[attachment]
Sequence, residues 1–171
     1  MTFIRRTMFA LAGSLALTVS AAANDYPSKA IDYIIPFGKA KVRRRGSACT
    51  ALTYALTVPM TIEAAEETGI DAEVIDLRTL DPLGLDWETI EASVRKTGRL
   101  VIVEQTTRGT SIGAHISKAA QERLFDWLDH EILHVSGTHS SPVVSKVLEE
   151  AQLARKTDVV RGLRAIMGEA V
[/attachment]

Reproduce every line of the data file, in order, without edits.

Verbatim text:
Sequence, residues 1–171
     1  MTFIRRTMFA LAGSLALTVS AAANDYPSKA IDYIIPFGKA KVRRRGSACT
    51  ALTYALTVPM TIEAAEETGI DAEVIDLRTL DPLGLDWETI EASVRKTGRL
   101  VIVEQTTRGT SIGAHISKAA QERLFDWLDH EILHVSGTHS SPVVSKVLEE
   151  AQLARKTDVV RGLRAIMGEA V